How did you decide what to do at the conference? Were there any particular people or works that changed the way you might think about your current field of study?

S: I just went with what I was drawn to. I really enjoy animating and 3D art so I tried to go to those since I thought I would understand those talks and be more familiar with that content. But overall I just tried to keep an open mind.

The three most enjoyable talks were by:

  • An animator who flunked out of his freshman year of college at Berkeley as a comp sci major but then went back to school for animation after working for Costco. Seeing his work was cool.
  • A design director at Dropbox who talked about self-care in the workplace, and as you pursue your passion, which I loved.
  • A graphic designer/artist who said:

“feck perfuction”

So overall I tried to go to everything but prioritized what I thought sounded different or interesting. And honestly I think I got lucky.

O: I didn’t arrive at the event knowing who was going to be talking on the panels or doing workshops. I think not knowing made it all the more exciting and inspirational. I was able to see and hear a wide variety of perspectives in the industry that I might not have if I decided to only go to the talks I was interested in.

Participating in the conference made me realize that there actually was a place for the type of work that I make in the tech world. Because I often feel alienated from it.

I enjoy doing animations and film and I could see myself going into the motion graphics industry.

Adobe was one of the sponsors at the conference and offered the opportunity for us to design using Photoshop & Illustrator.

Was there anything challenging about the trip?

O: One thing that was challenging for me was that there was very specific shop talk going on among the team of Twitter designers (that we went with), that was happening a lot of the time we were together. It felt a little over my head and during the short amount of time there I found it hard to find a way to interject, so that was a bit alienating.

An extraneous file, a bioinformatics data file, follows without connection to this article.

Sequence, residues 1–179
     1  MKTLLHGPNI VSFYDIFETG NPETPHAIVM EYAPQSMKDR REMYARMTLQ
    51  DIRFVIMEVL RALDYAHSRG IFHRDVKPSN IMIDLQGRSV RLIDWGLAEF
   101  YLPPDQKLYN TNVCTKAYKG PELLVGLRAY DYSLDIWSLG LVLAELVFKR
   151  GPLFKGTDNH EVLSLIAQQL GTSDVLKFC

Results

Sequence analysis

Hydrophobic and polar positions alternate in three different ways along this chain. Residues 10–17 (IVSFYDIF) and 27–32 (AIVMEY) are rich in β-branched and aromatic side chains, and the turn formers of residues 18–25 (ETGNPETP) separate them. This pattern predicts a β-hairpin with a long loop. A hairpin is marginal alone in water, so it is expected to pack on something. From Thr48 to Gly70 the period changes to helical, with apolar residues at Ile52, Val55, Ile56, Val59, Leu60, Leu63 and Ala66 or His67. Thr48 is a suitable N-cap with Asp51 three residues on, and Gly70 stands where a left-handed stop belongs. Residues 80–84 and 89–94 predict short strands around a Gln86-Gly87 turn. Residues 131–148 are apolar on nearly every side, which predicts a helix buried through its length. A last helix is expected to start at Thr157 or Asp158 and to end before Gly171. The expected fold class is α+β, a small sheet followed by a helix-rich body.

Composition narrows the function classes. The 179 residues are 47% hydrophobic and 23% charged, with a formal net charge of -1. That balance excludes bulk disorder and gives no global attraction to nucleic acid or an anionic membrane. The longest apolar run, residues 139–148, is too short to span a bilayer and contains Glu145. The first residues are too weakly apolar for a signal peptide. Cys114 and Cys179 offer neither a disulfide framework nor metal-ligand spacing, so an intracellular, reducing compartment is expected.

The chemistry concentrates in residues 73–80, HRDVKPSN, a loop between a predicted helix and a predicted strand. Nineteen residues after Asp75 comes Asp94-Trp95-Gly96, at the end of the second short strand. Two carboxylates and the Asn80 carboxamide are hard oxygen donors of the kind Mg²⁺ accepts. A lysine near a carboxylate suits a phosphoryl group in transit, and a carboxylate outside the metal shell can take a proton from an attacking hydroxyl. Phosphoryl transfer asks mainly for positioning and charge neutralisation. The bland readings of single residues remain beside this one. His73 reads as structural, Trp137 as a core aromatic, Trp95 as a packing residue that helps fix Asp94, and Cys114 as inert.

S: I think the biggest challenge for me was not knowing anyone. I am a pretty chill person but I like knowing what’s going on and just being on top of things — it boiled down to traveling to Europe to a non-English speaking country with an itinerary I didn’t plan myself, with professionals and people I had met on one occasion so I was somewhat anxious, but excited for the adventure.

And by the end of the trip I was wanting to travel to Italy and regretting getting a direct flight back home. But my mom may have had a heart attack.

Being comfortable with being uncomfortable, to put it shortly.

O: For some reason I felt the exact opposite, like I was ready for someone else to take the wheel and didn’t feel anxious at all. I felt similarly upon arrival about catching a travel bug and wanting to go somewhere else. Because I had finally gotten over the initial anxiety of leaving the country and realized “hey that was not bad at all.” It wasn’t as disorienting as I thought it would be.


Were there networking opportunities and were they helpful? Do you usually feel introverted or extroverted? Did you learn anything about how people connect with each other at these things?